Are You Threatening Me

by Geraldo Rivera | Jan 13, 2012

Sitting at the bar in Paolo's Restaurant at 92nd Street and Madison Avenue in Manhattan Saturday afternoon, December 10th, I was shocked by the tone the conversation with my old ABC News colleague Lowell Bergman had taken. He was heading to London and had urgently requested that we get together before his afternoon flight from JFK. 

 I remembered Lowell as a brave, competent, but hugely self-righteous old school investigative reporter, who famously produced the Mike Wallace expose of the major tobacco companies for '60 Minutes.' Al Pacino played him in the movie version of the saga, 'The Insider.'

Although I hadn't seen the now 60-year old veteran reporter since he parted ways with ABC back in 1982, I recognized him immediately.  Like most out-of-town, old-timers, who persistently request an unscheduled meeting to "talk about some projects I'm working on," I assumed Lowell had fallen on hard times and wanted a job. 

I was stunned, therefore, when after some small talk about our children (five each) and now dead fellow colleagues, his eyes narrowed, his smile turned into a grimace, and he began interrogating me about News Corporation's hacking scandal.

To be fair, he prefaced his questioning with a broad history of the scandal as reported in the New York Times. After I cracked how the Times ran a story a day about their rival's woes in England, and virtually none about equally serious allegations concerning any of the other British tabloids, Lowell dropped his bomb.

He explained that his investigative reporting program at Berkeley's Graduate School of Journalism, in association with reporters from ProPublica are probing our corporate parent, News Corp's U.S. properties; specifically the New York Post, the Wall Street Journal and Fox News.

The expose is due to run on PBS' 'Frontline,' "in the next few months," he told me in an ominous tone.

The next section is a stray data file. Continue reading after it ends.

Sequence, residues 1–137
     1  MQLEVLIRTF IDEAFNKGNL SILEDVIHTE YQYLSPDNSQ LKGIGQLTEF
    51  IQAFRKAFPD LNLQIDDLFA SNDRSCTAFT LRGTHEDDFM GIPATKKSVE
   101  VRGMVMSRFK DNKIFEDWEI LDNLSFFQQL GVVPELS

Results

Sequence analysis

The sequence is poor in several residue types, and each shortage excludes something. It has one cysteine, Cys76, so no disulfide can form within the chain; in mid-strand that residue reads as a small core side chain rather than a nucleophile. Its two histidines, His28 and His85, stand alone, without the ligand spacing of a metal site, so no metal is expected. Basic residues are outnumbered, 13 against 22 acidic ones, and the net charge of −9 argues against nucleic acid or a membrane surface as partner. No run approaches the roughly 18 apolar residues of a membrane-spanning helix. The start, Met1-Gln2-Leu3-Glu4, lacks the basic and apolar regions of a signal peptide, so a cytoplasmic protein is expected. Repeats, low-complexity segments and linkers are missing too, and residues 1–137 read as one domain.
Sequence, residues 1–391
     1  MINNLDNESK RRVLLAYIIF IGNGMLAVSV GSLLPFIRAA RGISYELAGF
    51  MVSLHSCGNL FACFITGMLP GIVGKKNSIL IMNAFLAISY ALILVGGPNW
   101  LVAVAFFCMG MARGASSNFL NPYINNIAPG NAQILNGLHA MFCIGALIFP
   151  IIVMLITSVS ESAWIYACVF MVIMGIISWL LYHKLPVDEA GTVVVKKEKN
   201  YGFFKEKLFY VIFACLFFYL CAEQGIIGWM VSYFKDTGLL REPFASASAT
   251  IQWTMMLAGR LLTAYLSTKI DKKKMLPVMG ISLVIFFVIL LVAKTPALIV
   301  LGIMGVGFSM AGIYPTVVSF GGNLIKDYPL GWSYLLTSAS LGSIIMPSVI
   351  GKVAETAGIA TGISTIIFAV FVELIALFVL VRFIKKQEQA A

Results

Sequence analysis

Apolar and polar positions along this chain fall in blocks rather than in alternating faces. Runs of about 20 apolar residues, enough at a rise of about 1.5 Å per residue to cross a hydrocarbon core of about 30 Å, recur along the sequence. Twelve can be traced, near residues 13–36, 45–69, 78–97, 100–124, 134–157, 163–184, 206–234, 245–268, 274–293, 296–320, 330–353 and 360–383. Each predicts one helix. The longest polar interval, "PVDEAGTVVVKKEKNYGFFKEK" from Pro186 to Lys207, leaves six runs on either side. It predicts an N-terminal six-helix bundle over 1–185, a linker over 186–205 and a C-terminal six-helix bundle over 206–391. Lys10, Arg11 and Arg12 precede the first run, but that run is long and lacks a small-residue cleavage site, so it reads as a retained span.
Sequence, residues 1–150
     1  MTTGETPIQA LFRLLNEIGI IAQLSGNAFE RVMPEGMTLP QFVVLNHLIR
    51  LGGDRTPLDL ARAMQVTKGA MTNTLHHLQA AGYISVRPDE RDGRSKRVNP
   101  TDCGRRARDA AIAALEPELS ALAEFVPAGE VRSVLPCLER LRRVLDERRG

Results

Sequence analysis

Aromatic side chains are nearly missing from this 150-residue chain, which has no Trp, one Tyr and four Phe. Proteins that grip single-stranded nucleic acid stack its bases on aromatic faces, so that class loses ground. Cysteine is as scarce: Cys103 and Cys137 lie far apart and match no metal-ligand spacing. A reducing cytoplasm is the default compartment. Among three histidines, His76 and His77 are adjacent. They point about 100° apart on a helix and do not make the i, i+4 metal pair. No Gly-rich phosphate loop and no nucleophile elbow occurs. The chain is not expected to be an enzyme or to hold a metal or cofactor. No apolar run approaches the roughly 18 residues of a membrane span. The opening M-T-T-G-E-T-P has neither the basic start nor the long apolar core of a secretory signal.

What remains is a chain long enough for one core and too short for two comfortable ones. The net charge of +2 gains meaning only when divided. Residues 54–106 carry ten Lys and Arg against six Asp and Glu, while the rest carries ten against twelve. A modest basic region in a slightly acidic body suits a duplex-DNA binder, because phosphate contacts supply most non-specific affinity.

For the next half hour, Lowell explained how he has been frustrated in his efforts to get anyone from any of those news organizations to talk to him. He seemed especially incensed and eager to dig up dirt on one of the editors of the New York Post.

"I don't know anything about hacking telephones," I said indignantly, "and I've never heard anything about that kind of tactic being used by anybody in my building."

At that point, his eyes flaring, he asked an obviously prepared ambush question about whether we had ever used a certain old time private eye on the West Coast who works with numerous media companies on and off camera.

The gumshoe's specialty is digging through court documents and other public records. Although I've never met him personally or even spoken with him off camera, and told Lowell as much, the P.I. has appeared on my Sunday night program via satellite. Nothing he has ever done for us rises above the ordinary or is remotely illegal, immoral, improper or unusual.

I said as much to my old pal Lowell, and suggested that if he was really interested in news organizations using underhanded tactics to get dirt on celebrities then he should investigate the many and varied celebrity programs that nightly live or die based on their juicy, often paid-for tips and scoops.

Deflated, he seemed to agree, but insisting that he wanted to get "their side of the story," he renewed his pleas that I intervene on his behalf to get Fox News management, reporters or insiders to go on the record with derogatory information about News Corp.

Then, his chest re-puffed, he lectured me, saying, according to my notes, "You're a news organization. You say you have the right to wear a press pass. Well, that comes with certain obligations to defend your company."

When I told him I was still not interested, and that I was going to report everything he had said to my superiors, his frustrated tone turned threatening, "I've got all these journalism students at Berkeley straining at the bit to contact every reporter working for Fox News."

Now glaring back at the indefatigable Mr. Bergman, I asked, "Are you threatening me?" which he denied, then I said, "Let me get this straight. You are the most left-wing reporter in television news, a Berkley professor no less, and you're working with ProPublica, the most hard-left reporters' group in the business, and you're going to air your documentary on Public Television, and you expect me to convince my colleagues at Fox News that you're going to give us a fair-shake? Give me a break."

The confrontation over, he gave me his card. We shook hands, and he went off to London to complete the British side of his tax-payer subsidized smack-down. That was exactly a month ago. Today a van from PBS' "Frontline" is parked outside our office. I hope they're not hacking my phone.

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